While we were pruning and installing a Cobra cable I heard a saw fire up in a yard down the block. Through the branches I watched the climber and could tell that he was spiking another red oak. I was torn between saying something or letting it go. I decided to try and cajole the guy into considering not using spikes. I walked over and with a big friendly "Hi, I'm tom from Canopy Tree Care. I saw you pruining over here..." Right off the guy gave me dagger eyes. He did not introduce himself so I asked him his name. Then had to ask again what his company name was. Then I went into a little talk about asking them to consider not using spikes to prune. The climber said, "They don't hurt the tree." I asked him if he wanted to see pictures of spike damage. He did not say no so I went back to my van and got Jerry Beranek's book which has some really good pictures of spike wounds from several years worth of climbing. AS I walked back to show the guys I met them on the curb and was showing them the pictures. As I was talking about the damage, the homeowner walks up behind me and hears me talk about the damage. He then asked me if it really hurt the trees. I showed him the pictures and explained that spiking red oaks in late winter can almost gauranty oak wilt. Now the guys were reading to stuff me through the chipper but I didn't give a hoot. They were caught and I decided to rub their noses in their own ****. Their client said "Boy, if i knew that, I wouldn't have hired them." And the guys are standing right there! I was ready to split a gut!

After the client walked back in the house I told the guys that I could see that they are really pissed at me but they should consider doing proper tree care.

As I walked away, quickly, I expected to get a shovel in the back of the head.

We got a job from the neighbor of my client and I went back to work with my crew. I was in the back yard and heard a no muffler vehicle pull up in the front. One of my climbers was out there in a tree. The loud truck stopped, and then burned out and roared away. Later my climber was chuckling and told me that the hillbillies drove around the block and stopped to yell out the window, "Be sure to do good work," and then roared away. My climber said taht he started laughing and had to stop cutting.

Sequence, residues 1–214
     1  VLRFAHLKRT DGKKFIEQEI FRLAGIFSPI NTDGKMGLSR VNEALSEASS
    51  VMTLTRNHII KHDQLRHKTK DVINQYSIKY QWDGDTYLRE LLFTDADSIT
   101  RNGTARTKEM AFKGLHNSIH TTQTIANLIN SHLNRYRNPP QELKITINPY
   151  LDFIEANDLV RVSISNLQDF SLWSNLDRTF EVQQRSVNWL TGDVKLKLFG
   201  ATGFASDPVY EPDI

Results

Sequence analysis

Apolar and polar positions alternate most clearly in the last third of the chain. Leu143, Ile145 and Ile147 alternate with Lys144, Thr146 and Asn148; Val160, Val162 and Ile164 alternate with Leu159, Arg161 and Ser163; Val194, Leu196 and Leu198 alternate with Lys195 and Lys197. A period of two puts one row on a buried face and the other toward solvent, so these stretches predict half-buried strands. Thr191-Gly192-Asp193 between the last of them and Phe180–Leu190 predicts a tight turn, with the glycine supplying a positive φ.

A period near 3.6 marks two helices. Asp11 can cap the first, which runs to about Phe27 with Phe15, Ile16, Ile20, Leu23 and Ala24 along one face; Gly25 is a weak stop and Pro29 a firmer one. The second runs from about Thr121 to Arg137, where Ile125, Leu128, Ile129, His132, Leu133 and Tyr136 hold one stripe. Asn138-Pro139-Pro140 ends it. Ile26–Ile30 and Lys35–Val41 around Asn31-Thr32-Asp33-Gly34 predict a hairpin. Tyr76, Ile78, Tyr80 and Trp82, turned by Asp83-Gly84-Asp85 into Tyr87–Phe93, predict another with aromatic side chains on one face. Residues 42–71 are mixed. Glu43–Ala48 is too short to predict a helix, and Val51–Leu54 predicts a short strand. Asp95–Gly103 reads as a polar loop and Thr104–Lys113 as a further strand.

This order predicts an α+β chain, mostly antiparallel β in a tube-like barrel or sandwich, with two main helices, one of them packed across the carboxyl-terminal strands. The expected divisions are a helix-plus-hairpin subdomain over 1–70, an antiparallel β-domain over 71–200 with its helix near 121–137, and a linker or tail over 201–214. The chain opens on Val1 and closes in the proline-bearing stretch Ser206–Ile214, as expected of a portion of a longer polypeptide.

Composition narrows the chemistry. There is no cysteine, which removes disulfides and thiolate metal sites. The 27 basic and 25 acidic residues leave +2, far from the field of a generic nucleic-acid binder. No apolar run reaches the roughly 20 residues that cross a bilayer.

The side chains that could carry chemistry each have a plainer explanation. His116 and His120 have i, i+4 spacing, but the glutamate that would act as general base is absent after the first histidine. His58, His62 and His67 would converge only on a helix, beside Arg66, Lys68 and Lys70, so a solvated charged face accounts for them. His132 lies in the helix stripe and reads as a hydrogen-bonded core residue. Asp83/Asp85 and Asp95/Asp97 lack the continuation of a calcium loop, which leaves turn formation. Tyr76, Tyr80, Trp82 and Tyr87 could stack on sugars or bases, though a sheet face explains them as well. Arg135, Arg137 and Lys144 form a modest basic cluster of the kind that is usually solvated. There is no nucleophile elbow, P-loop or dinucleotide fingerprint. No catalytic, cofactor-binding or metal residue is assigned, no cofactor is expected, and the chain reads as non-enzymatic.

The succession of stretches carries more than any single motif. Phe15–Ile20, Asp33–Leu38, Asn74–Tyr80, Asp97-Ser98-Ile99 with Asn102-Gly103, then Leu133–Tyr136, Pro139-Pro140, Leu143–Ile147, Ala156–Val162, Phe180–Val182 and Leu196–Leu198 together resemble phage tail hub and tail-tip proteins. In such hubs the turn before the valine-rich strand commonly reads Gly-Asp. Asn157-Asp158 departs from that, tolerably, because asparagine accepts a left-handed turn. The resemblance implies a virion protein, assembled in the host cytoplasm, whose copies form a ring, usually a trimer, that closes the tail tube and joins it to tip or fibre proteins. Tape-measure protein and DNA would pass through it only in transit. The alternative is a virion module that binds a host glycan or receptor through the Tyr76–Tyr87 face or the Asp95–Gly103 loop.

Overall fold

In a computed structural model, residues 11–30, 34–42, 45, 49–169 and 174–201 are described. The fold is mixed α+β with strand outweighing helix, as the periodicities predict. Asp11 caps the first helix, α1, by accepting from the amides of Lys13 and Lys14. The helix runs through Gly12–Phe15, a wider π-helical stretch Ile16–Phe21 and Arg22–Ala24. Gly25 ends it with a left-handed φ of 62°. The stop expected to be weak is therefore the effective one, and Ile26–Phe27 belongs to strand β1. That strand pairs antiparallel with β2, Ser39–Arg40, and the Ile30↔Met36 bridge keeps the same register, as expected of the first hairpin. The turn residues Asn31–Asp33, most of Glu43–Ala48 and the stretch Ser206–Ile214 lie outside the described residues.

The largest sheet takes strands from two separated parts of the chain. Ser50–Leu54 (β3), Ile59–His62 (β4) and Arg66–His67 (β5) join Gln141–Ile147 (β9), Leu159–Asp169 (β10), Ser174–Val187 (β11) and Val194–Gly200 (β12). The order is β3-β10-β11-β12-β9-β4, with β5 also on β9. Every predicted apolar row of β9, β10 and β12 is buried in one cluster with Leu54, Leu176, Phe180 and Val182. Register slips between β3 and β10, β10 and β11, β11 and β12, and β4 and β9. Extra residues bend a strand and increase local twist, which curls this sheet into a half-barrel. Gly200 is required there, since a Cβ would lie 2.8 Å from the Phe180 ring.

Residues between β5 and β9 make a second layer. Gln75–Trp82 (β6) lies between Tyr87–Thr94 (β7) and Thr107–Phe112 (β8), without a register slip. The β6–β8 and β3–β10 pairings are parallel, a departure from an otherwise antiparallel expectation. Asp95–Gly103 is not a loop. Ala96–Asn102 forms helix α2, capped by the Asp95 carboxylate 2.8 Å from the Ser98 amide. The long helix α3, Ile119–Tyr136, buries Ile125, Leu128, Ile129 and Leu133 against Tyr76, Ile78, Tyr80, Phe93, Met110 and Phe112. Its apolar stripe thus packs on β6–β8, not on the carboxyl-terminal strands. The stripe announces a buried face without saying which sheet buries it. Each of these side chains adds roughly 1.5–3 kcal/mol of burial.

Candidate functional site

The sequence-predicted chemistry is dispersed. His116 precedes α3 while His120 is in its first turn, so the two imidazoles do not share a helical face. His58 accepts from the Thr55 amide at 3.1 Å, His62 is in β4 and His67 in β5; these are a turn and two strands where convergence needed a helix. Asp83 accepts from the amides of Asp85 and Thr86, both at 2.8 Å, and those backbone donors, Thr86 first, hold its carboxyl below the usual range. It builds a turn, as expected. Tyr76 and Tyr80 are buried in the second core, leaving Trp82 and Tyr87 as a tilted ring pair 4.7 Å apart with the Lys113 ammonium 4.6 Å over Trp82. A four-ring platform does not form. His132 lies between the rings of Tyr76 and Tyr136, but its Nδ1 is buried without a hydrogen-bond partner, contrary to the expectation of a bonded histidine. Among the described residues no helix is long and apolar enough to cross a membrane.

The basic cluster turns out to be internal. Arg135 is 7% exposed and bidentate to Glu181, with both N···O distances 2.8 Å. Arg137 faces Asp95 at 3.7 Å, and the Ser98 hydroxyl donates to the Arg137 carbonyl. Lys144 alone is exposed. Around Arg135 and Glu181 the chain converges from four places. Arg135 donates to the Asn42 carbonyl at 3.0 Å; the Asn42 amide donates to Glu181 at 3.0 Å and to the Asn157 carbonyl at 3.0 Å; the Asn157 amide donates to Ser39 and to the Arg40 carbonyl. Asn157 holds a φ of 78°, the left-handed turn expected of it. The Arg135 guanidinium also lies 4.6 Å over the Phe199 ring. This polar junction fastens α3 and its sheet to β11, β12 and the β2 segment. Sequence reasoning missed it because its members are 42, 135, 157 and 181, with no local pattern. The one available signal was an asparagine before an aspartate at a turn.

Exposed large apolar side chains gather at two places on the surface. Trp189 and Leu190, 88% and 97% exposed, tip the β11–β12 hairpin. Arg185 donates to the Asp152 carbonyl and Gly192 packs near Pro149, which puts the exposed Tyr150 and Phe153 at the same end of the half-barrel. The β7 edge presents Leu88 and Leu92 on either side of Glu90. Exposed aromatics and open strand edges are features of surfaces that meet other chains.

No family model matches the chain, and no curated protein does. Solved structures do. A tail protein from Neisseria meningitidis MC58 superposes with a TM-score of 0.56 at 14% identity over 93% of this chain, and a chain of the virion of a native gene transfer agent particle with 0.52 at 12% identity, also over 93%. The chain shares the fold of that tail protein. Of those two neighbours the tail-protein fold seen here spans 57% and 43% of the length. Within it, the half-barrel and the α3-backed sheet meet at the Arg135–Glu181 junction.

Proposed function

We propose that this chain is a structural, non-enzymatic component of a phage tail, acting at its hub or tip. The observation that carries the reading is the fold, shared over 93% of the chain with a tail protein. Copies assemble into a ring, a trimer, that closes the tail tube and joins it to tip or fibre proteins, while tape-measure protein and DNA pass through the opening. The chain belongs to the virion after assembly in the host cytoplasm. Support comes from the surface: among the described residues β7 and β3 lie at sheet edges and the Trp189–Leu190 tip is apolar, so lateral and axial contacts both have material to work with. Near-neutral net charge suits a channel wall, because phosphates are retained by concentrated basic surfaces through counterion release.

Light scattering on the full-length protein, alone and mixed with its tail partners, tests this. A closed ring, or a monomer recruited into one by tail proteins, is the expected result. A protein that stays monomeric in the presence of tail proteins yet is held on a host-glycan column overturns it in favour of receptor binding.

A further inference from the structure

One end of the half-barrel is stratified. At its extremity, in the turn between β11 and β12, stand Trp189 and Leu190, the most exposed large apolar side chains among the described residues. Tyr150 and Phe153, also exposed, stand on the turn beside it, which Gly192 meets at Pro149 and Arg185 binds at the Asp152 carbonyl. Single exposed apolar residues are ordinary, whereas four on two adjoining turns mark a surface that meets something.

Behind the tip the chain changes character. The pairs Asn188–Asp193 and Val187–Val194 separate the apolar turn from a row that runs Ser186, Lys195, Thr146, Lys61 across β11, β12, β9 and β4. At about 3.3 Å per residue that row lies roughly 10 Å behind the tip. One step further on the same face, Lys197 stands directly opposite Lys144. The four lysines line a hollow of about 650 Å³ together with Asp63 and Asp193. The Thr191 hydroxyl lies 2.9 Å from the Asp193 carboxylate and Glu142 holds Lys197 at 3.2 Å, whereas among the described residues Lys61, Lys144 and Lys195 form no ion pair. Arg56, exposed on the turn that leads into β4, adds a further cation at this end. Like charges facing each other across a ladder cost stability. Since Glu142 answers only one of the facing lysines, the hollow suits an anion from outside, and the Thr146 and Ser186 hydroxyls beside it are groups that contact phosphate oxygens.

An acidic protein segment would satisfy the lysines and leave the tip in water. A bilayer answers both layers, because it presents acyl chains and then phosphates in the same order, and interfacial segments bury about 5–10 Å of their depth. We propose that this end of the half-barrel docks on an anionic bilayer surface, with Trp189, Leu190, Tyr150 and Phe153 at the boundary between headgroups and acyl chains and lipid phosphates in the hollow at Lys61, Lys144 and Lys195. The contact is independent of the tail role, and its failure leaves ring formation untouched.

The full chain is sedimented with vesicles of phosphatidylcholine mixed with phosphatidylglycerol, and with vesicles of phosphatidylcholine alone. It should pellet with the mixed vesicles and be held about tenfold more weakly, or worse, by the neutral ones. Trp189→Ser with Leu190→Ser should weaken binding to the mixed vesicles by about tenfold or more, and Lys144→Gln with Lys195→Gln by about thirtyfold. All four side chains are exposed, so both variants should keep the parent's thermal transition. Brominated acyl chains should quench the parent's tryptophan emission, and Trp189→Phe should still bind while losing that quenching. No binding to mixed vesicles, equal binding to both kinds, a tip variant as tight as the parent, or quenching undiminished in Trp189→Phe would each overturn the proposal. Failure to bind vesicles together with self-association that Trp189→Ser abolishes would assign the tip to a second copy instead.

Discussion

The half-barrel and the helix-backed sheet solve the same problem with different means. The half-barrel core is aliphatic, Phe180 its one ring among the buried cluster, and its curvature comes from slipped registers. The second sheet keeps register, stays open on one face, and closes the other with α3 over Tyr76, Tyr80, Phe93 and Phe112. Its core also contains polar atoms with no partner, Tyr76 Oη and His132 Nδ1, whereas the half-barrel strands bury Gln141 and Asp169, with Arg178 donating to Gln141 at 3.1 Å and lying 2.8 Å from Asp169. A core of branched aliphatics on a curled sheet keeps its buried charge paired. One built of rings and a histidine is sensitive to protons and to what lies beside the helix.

I have become so pissed off at poor work that I will become the tree police when I need to. I won't start out to rub someone's nose in it but if that happens so what. Trees are my passion and consume much of my life. If we don't do something to stop butchery, then we have no right ot crab about the poor work being done. Trying to educate the public is good but how do you reach them. Maybe the neighbor who had his trees spiked will think next time he needs his tree pruned.

If it's to be, it's up to

Tom Dunlap
Deputy Tree Cop
Badge number 8733 (getit?)

PS One Monday we are going back to my first client's to re-deadwood another tree and take another dead tree down. I am going to walk over to the spiked tree to see how it fared this summer. If it died I will have another "Dr. Laura-style-moral-dilemma." What do you think she would tell me, should I inform the neighbor or mind my own business.
 
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<JPS>
posted
Reply to post by Tom Dunlap, on October 04, 1999 at 06:26:39:

One thing i do if i see poor work across that street is point it out to my client and use it as an exapmle on how things should not be done and why. Maybe they will talk to the victims (wether it is self inflicted or not). I'll recomend the common books that our library system holds to back up my preaching (pedanticism is a hereditary trait in our male line).

Hasn't generated much extra work on the subject plants, but it's not the purpose of the exersize.

I also encorage people to get local ordinace for regulation. Tho that's gon nowhere.
 
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<Tom Dunlap>
posted
Reply to post by Tom Dunlap, on October 04, 1999 at 06:26:39:

Theother day we worked in the neighborhood where the spiking was goin on and the trees are still up and living. That gives fuel to the argument that "Spiking doesn't kill the trees..."
 
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<Scott>
posted
Reply to post by Tom Dunlap, on October 09, 1999 at 22:41:00:

That points out both ethical and practical concerns.

On the ethical side one must be careful not to overstate one's version of the "truth."

On the practical side you have to get into things like "die when?" Or "how often" or "how likely?" There were some posts on this board a while back with informed comment on which species might just tolerate spiking with no ill effects. If you say "they'll die" and they don't - at least not right away - you may have lost credibility which hurts you personally and may just lessen your ability to be an effective educator.